It’s not about finding the perfect moment or the right location; the perfect writing environment is wherever and whenever you find your way to the page.
“Write while the heat is in you … The writer who postpones the recording of his thoughts uses an iron which has cooled to burn a hole with.” — Henry David Thoreau
Maybe it’s a comfy couch in front of a large window overlooking the ocean.
Maybe you’d prefer a room with no windows, soft lighting, and no interruptions.
I know for me, it used to be the corner of a bustling coffee shop — that one table with the rickety chair and a view of the community bulletin board, flayed and quartered with a colorful mishmash of concert posters and flyers for yoga classes and pet sitters.
The perfect writer’s nook is as individual as the writer. Not only that, it can change as the writer changes. In my life, I’ve been inspired by coffee shops, pubs, even hotel lobbies. Also effective – planes, waiting rooms, and — in a pinch — your car during a 15-minute break on a rainy day.
Harry Potter and the Writer’s Nook
“It does not do well to dwell on dreams and forget to live. – Albus Dumbledore
During my recent visit to Edinburgh, I carved out some time to follow in JK Rowling’s footsteps and trounced from the Balmoral Hotel to Victoria Street (the inspiration for Diagon Alley) to Greyfriar’s Kirkyard (where I snapped a selfie with Tom Riddle’s grave). I finished my impromptu Harry Potter tour with a hearty soup, a pot of hot, inky Scottish tea, and a buttery, crumbly shortbread cookie at The Elephant House (aka “The Birthplace of Harry Potter”).
Wiling away an hour or so atop a stool in front of the cafe’s large, street-facing windows, I scratched out a few words in my travel journal and inadvertently ended up in about a hundred tourist photos as fans from around the world posed for their souvenir pics. The coffee shop was just the right amount of cozy and bustling; humble enough to eschew flashy mentions of its place in the Harry Potter legend. I can see why Rowling chose it as a favorite writing spot.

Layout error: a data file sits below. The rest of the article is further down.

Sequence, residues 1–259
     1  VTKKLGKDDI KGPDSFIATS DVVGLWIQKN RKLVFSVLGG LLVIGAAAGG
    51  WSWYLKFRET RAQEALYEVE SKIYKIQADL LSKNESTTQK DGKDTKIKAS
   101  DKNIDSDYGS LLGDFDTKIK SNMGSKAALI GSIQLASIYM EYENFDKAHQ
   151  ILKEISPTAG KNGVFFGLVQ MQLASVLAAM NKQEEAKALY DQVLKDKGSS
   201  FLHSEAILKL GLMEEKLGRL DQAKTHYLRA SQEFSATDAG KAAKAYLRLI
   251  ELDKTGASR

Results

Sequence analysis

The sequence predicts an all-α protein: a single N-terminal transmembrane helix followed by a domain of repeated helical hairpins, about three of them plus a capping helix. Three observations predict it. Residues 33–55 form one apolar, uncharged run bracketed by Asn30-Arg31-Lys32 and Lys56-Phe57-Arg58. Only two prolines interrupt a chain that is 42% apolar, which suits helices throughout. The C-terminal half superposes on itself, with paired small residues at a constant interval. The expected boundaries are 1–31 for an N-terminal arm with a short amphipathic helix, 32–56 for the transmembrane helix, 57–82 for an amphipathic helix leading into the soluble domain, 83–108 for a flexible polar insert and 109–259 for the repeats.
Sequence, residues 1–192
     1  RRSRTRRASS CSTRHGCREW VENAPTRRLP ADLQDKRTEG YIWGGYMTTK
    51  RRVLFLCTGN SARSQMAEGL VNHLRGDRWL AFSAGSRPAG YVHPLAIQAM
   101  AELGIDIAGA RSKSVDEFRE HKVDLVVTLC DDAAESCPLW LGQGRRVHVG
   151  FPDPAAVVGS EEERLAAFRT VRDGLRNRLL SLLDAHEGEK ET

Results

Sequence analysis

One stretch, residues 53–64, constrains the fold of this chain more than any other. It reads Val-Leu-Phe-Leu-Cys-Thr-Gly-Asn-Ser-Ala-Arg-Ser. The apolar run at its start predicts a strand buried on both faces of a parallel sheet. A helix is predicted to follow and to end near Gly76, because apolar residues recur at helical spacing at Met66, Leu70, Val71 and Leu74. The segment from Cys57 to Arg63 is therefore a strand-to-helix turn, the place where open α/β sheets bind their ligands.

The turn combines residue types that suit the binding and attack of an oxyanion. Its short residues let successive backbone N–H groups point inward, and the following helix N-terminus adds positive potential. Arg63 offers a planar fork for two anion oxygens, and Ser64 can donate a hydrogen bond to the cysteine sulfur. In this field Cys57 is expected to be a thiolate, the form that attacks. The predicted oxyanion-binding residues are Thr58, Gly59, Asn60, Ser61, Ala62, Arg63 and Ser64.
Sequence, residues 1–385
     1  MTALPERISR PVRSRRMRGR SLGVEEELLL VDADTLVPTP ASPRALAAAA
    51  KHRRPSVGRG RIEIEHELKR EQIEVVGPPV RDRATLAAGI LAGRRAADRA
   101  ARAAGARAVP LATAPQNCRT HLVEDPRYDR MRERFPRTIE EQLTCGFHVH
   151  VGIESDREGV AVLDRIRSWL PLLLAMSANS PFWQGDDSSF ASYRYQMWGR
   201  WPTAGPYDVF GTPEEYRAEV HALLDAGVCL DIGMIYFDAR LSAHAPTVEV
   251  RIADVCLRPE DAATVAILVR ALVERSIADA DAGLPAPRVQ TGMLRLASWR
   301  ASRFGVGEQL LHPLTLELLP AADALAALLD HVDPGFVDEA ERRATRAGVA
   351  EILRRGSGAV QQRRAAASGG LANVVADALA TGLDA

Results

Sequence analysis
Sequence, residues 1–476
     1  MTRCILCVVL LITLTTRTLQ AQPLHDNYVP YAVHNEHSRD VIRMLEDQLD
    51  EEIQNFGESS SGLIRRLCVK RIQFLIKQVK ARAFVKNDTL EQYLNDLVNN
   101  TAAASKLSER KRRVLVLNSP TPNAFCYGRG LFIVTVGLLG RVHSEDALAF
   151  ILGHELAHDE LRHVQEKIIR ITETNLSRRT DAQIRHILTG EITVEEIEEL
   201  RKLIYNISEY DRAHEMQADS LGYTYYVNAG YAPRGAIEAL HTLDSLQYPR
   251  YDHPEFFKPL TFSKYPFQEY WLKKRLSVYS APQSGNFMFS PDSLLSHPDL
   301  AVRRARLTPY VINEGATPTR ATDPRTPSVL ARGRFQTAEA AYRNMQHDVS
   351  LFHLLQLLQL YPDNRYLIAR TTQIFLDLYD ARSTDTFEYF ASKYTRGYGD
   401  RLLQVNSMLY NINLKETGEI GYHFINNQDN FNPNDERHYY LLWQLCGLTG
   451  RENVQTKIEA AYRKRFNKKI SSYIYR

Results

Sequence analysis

There is No Perfect Moment
“We are all apprentices in a craft where no one ever becomes a master.” — Ernest Hemingway
So are you gunning for that Pulitzer? Maybe the Booker prize is more your speed? How about a movie deal and a round of interviews on late night television. You think if you just adjust this one adjective, or lay out an intricate, interlaced plot full of twists and turns or just hit the right note, you’ll get there.
I hate to break it to you, but perfection is often the enemy of success.
“The best sentences don’t sell books (or magazines or whatever),” writes Chris Brogan. “A string of reasonably not bad sentences with useful and engaging information sells books.”
We all dream about having the perfect conditions to create. We rationalize setting aside our writing and other endeavors by telling ourselves that once we get all of our ducks in a row, we will find the mental and emotional space to finally commit to that novel, play, photography class, etc…etc…etc…
But do we really need a perfect place to write? After all, Scott Turow famously penned Presumed Innocent on the subway during his morning and evening commutes. Since Turow was working as an attorney at the time, I’m sure those were long workdays, yet he found the energy and the time regardless.
Other successful writers also faced relentless responsibilities and still found the time to pen to paper. Octavia E. Butler woke up at 2 am to write, before leaving for a myriad of thankless jobs including telemarketer, dishwasher, and even potato chip inspector. Stephen King supported himself as a janitor, gas station attendant and a worker at a laundry facility. And let’s not forget Helen Keller, who despite being deaf and blind, published her first autobiography when she was just 22 years old.